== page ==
Articles and Case Studies

Dog Discrimination

05 Oct 2015

by Ms Karen McMahon


Case history

The doctor was concerned about a patient who attended the practice with a large dog, which the patient described as an “assistance animal”. The doctor thought the dog might frighten other patients in the waiting room. He was unsure if he was able to advise the patient that he could no longer bring the dog to the practice.  

Medico-legal issues

Discrimination legislation across Australia makes it unlawful to discriminate against a person with a disability because they are accompanied by an assistance animal in certain circumstances.1 This situation may arise in practice for doctors when a patient seeks to be accompanied by an assistance animal while attending the doctor’s surgery, and perhaps also during a consultation.

Although an assistance animal includes a guide dog for the vision and hearing impaired, the definition of assistance animals covered by legislation is broader than this.

Under the Disability Discrimination Act 1992 (Cth), an assistance animal includes a dog or other animal trained to assist a person with a disability to alleviate the effect of their disability and to meet standards of hygiene and behaviour that are appropriate for an animal in a public place.2 An animal may qualify as an assistance animal by reason of being accredited under state or territory law, or accredited by an animal training organisation prescribed by the regulations.3

This recognises that there are currently a wide range of assistance dogs helping people with disabilities, e.g. alert and response dogs for conditions such as epilepsy and diabetes; dogs that assist physically disabled persons to perform specified tasks, and psychiatric service dogs.

An animal does not qualify as an assistance animal merely by reason of providing companionship. It is not always clear whether an animal is an assistance animal so that the provisions of the Act apply.4 The Act provides that it is not unlawful to request the person with the disability to produce evidence that the animal is appropriately trained as an assistance animal.5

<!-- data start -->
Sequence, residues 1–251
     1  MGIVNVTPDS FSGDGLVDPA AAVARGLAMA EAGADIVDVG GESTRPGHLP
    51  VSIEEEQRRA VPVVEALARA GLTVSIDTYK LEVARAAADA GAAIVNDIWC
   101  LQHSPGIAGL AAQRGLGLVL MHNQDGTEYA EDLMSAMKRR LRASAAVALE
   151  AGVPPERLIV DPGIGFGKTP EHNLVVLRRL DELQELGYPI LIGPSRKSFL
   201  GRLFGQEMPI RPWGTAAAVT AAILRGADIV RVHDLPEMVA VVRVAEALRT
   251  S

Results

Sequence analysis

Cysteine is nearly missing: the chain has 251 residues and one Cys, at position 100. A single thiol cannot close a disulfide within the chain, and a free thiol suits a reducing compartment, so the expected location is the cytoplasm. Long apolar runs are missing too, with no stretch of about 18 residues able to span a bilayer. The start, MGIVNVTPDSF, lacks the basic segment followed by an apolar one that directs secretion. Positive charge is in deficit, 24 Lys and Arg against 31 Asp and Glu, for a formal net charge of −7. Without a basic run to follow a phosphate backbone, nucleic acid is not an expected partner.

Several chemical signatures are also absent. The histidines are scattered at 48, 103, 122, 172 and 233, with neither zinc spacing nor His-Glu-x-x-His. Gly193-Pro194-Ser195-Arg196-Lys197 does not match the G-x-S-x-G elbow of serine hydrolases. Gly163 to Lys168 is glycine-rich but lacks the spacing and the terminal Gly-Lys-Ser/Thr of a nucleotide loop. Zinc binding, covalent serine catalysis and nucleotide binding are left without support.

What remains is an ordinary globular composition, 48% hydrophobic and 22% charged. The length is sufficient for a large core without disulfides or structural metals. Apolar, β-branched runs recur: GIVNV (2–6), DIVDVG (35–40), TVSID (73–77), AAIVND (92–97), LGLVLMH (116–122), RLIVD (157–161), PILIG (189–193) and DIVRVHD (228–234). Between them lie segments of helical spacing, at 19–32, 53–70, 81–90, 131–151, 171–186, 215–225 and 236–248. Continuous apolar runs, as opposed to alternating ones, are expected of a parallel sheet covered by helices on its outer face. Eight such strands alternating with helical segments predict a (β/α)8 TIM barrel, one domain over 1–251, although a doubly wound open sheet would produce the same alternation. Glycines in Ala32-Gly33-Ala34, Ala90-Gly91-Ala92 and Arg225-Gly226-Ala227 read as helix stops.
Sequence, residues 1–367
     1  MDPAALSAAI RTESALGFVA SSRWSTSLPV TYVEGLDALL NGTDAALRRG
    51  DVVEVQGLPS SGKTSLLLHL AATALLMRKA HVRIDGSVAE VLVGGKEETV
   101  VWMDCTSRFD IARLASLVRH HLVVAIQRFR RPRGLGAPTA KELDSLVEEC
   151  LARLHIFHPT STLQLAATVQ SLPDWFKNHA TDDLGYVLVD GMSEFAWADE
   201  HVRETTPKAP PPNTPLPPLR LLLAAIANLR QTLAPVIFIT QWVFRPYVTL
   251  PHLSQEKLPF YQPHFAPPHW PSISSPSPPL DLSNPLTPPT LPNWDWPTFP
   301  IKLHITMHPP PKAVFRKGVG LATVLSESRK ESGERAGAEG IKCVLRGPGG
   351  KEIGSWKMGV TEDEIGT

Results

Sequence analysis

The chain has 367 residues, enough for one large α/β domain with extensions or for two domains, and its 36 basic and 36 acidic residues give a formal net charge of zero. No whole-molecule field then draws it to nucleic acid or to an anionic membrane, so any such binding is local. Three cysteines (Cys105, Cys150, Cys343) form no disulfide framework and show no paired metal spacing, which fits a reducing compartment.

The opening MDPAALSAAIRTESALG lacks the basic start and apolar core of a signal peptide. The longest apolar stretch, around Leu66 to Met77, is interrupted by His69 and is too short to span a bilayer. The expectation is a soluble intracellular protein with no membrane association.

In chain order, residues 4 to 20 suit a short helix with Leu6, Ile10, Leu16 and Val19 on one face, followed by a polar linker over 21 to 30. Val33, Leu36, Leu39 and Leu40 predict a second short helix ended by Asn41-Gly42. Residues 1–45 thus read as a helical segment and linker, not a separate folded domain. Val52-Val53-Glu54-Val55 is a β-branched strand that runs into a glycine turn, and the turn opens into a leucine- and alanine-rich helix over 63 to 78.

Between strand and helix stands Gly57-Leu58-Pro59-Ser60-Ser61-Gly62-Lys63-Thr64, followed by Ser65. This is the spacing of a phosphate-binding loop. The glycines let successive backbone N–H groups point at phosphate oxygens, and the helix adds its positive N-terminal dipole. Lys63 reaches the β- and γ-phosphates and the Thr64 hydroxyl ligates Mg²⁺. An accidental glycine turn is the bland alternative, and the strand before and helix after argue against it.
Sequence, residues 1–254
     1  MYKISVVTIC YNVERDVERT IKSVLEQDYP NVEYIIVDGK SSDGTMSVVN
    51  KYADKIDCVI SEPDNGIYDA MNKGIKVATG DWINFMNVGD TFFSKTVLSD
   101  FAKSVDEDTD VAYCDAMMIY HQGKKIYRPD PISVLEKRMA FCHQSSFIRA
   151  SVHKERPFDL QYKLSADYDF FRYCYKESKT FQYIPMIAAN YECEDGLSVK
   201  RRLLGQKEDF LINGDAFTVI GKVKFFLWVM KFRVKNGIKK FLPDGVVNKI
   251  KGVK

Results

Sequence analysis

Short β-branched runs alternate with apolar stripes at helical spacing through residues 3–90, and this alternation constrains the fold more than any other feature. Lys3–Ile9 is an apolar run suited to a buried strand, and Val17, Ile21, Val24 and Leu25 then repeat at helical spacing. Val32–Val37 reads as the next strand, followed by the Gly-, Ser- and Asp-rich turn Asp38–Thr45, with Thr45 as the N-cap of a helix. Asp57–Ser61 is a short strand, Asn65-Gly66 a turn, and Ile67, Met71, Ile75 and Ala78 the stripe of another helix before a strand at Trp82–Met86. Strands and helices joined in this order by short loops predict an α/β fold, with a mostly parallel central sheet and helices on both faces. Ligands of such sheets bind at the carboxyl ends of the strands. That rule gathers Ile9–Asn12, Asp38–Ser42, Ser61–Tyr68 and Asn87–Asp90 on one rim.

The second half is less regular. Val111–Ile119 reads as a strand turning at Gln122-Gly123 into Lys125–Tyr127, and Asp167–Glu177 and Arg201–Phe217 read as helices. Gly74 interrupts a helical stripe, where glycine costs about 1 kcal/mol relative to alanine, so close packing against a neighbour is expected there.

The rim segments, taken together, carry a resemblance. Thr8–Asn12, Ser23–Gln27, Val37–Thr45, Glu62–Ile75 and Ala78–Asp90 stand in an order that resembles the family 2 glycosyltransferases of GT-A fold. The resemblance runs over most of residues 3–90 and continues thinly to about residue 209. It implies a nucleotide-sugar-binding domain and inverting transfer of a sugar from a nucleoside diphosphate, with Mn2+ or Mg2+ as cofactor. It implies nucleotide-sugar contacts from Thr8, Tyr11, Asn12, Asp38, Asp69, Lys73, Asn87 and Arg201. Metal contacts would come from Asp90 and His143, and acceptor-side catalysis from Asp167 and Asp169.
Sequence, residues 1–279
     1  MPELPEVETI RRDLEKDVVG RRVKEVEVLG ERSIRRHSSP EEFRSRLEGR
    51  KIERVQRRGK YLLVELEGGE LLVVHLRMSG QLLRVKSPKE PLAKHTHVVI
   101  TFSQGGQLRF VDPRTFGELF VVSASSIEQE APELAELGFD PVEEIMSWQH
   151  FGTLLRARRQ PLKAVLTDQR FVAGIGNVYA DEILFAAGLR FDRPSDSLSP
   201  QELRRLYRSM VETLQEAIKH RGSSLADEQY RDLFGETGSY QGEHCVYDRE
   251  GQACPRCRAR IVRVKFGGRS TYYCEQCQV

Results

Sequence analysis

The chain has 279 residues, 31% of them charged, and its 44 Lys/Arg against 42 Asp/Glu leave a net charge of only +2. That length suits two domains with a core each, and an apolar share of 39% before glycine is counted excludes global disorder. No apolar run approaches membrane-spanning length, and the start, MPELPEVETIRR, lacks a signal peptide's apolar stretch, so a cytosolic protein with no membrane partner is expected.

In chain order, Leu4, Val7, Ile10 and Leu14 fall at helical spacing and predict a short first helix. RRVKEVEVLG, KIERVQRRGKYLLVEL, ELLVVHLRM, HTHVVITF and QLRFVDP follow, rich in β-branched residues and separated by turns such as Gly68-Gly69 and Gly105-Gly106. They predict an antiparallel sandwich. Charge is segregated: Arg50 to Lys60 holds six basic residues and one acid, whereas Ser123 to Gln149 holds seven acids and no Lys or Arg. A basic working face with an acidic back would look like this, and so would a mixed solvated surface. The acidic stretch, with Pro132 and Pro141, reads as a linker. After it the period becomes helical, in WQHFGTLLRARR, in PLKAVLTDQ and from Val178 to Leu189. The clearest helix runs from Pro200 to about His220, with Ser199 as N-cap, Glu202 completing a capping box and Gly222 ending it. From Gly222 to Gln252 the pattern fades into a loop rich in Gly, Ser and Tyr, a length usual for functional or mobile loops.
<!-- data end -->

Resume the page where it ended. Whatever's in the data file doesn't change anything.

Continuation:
It is also not unlawful to require that the assistance animal remain under the control of the person with the disability or another person on their behalf, although this may not require direct physical control.6 Further, the Act provides that it is not unlawful to discriminate when reasonably necessary, if it is suspected that the assistance animal has an infectious disease, or if it is otherwise necessary to protect public health.7 This may arise, for example, if the animal is displaying aggressive behaviour which threatens other patients at the practice.

Failure to comply with the legislation may result in the disabled person making a discrimination complaint against the practitioner to the Human Rights and Equal Opportunity Commission, and court proceedings against the practitioner which may include a claim for compensation.

Summary points

  • Practitioners should be aware of their obligations under the discrimination legislation so as to not unlawfully refuse access to assistance animals.
  • If there is uncertainty, it is appropriate for a practitioner to ask the person accompanying the animal whether it is an assistance animal and for evidence in support of this.
  • If you are uncertain as to how to proceed, we encourage you to contact our Medico-legal Advisory Service for advice and information about how the legislation applies to your particular situation.

Karen McMahon  
Medico-legal Adviser (Solicitor)  
MDA National


  1. The Disability Discrimination Act 1992 (Cth) applies across Australia. There is also applicable state and territory legislation which contains varying provisions relating to guide dogs and assistance animals. The Commonwealth Act prevails over the state and territory law to the extent of any inconsistency.
  2. Section 9(2)(b) and (c).
  3. Section (9)(2)(a) and (b). Whilst a variety of organisations offer accreditation services, there is no standard system of accreditation for assistance animals which applies throughout Australia and no animal training organisations are currently prescribed by the regulations. There is legislation in Queensland and South Australia that provides for state accreditation of assistance animals.  
  4. An assistance animal may be identifiable by reason of a badge, medallion or harness depending upon the source and status of the identification.
  5. Section 54A(5) and (6).
  6. Section 54A(2) and (3).
  7. Section 45A.
Regulation and Legislation, Anaesthesia, Dermatology, Emergency Medicine, General Practice, Intensive Care Medicine, Obstetrics and Gynaecology, Ophthalmology, Pathology, Practice Manager Or Owner, Psychiatry, Radiology, Sports Medicine, Surgery


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